Tropical Storm Hermine could ruin Long Island’s Labor Day weekend with high winds and storm surges, forecasters said, as it barreled across South Carolina on Friday evening.
The storm was heading northeast and packing maximum sustained winds of 50 mph, with some higher gusts, the National Hurricane Center said in its 8 p.m. update.
Hermine should travel through coastal North Carolina on Friday evening, and head offshore on Saturday afternoon, at which point the hurricane center expected it to strengthen.
Hermine, the first hurricane to strike Florida since 2005, “could be near hurricane intensity by late Sunday,” the National Hurricane Center said.
“Anyone along the U.S. East Coast needs to be paying close attention this weekend,” said Dennis Feltgen, a spokesman for the National Hurricane Center.
In Florida, Hermine’s main impact came in the form of power outages and damage from storm surges. A homeless man south of Gainesville died when a tree fell on him, Gov. Rick Scott said.
An estimated 325,000 people were without power in Florida and more than 107,000 in neighboring Georgia, officials said Friday night.
The coast from the North Carolina-Virginia border to Bridgeport, Connecticut, could experience “life-threatening” flooding, the federal agency said in its latest update.
A South Carolina official says Hermine has spawned scattered reports of flooded roads, trees down and power outages but no major damage.
Emergency Management Division spokesman Derrec Becker likened it more to a bad summer storm than a hurricane.
Winds fell to tropical storm strength after the storm hit Florida as a Category 1 hurricane, while it moved across the Southeast.
By late Friday morning, the weather service had issued a tropical storm watch for Long Island and New York City, with a storm surge watch in effect for coastal areas.
The National Weather Service’s Upton office on Friday afternoon said: “The probability of Tropical Storm Winds reaching 39 mph to 57 mph increased to 50% to 70% for all coastal sections in the Tri-State Area.”
The National Weather Service cautioned its forecasts could change as the storm approaches.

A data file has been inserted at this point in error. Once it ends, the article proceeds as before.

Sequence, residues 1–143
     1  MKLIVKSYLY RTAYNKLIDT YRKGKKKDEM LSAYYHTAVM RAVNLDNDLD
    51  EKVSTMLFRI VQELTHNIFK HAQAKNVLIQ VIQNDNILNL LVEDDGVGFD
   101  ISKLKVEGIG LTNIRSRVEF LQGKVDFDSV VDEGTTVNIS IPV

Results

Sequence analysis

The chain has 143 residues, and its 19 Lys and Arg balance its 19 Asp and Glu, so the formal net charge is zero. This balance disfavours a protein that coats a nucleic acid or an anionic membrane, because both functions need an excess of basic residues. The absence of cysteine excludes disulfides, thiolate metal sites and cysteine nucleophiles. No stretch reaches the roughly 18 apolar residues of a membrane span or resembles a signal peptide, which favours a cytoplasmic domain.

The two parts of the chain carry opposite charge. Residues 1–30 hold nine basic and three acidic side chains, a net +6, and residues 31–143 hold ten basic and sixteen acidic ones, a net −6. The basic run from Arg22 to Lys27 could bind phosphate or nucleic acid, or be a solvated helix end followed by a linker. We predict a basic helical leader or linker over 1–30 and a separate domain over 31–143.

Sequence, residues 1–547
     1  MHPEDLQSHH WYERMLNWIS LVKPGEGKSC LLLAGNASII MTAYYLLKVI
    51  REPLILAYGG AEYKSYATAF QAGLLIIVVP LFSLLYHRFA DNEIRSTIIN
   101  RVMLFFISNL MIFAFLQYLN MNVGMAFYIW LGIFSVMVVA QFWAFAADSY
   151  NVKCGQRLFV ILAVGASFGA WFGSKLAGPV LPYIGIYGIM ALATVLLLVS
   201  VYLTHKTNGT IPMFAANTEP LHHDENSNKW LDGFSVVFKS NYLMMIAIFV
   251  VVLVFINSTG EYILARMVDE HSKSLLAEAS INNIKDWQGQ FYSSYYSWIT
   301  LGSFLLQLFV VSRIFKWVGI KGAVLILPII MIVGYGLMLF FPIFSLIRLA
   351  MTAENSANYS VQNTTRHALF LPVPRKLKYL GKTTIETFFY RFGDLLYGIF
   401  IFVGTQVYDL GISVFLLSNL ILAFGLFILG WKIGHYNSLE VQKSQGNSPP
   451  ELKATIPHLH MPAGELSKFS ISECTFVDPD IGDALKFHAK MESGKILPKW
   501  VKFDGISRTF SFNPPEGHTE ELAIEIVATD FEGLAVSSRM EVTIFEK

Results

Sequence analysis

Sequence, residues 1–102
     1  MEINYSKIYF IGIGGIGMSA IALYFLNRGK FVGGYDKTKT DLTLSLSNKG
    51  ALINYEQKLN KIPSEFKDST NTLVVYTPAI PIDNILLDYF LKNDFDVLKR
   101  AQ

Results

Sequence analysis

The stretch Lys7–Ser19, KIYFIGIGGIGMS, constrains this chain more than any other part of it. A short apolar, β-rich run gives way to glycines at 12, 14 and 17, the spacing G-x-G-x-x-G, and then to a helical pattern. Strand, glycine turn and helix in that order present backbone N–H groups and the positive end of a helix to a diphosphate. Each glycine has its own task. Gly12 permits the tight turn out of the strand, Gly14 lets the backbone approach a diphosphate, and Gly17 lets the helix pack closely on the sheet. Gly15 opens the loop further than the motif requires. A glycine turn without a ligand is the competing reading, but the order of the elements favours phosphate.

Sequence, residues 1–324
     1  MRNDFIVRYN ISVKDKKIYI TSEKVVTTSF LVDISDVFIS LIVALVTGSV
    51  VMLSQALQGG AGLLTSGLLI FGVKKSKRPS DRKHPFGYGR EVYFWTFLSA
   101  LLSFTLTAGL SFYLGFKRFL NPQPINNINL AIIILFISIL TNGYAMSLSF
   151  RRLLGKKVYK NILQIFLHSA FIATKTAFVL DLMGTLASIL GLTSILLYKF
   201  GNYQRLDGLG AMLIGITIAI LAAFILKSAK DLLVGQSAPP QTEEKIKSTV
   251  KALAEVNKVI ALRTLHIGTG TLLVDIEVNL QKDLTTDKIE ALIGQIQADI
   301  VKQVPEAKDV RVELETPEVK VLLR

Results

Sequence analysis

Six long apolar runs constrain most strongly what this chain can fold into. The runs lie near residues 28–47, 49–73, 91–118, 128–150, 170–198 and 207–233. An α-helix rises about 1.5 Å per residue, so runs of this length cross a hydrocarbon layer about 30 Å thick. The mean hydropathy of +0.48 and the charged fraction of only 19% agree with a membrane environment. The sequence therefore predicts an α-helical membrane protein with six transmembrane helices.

“There is still uncertainty with the track and intensity of this system,” the service said.
After stalling off the mid-Atlantic coast until Monday, Hermine could begin carving a “slow Northeast track” southeast of Long Island over the next two days, the agency said in its update on Friday evening.
The storm surge could cause moderate to major flooding after high tide on Sunday, which could continue for a few cycles. Hazardous seas, rough surf and dangerous rip currents also can be expected, the National Weather Service said Friday.
High tides, comparable to a nor’easter, could be particularly perilous for coastal Long Island and New York Harbor, forecasters said.
Storm surge could make flood-prone homes and businesses vulnerable and certain roads in coastal communities impassable, they said.
Other impacts could include damage to marinas, docks and piers, with potential for small craft to break away from moorings and get lifted onshore, the weather service said. With storm surge and battering waves creating deep inundation, oceanfront areas could possibly see “structural damage to buildings, with several washing away.”
Rainfall is the toughest call that forecasters are facing, said Gary Conte, warning coordination meteorologist with the weather service’s Upton office.
With a sharp cutoff between areas getting little to no rain and those getting 15 inches, a small shift to the south in the system’s track could mean no rainfall at all for Long Island. A shift to the northwest could mean a “torrential downpour,” he said on a Friday morning briefing. Even “small movements can make a major difference.”
News 12 meteorologist Bill Korbel by email cautioned there “Still [is] a threat of significant coastal flooding from late Sunday through Monday.”
How much rain falls and how fast the winds blow will be determined by the storm’s path; if it heads east, that could lessen the impact on Long Island. In that case, “Rainfall will be limited to showers and should not amount to much. Winds won’t be particularly strong,” Korbel said.
However, those rain and wind predictions worsen if the storm shifts farther west and north, which “could increase rain, wind and flooding,” he said.
- Because of deadly rip currents unseen in intensity since 10 or 15 years ago, swimming will be banned at New York City beaches on Sunday and probably on Monday, too, Mayor Bill de Blasio said during a news conference at the Office of Emergency Management.
“Do not, you know, even put your foot in the water on Sunday and most likely for several days thereafter,” the mayor said.
Bridges could be closed entirely, depending on the storm, though officials may also issue a voluntary advisory suggesting drivers avoid the crossings if the weather is less treacherous, said Transportation Commissioner Polly Trottenberg.
With Matthew Chayes and AP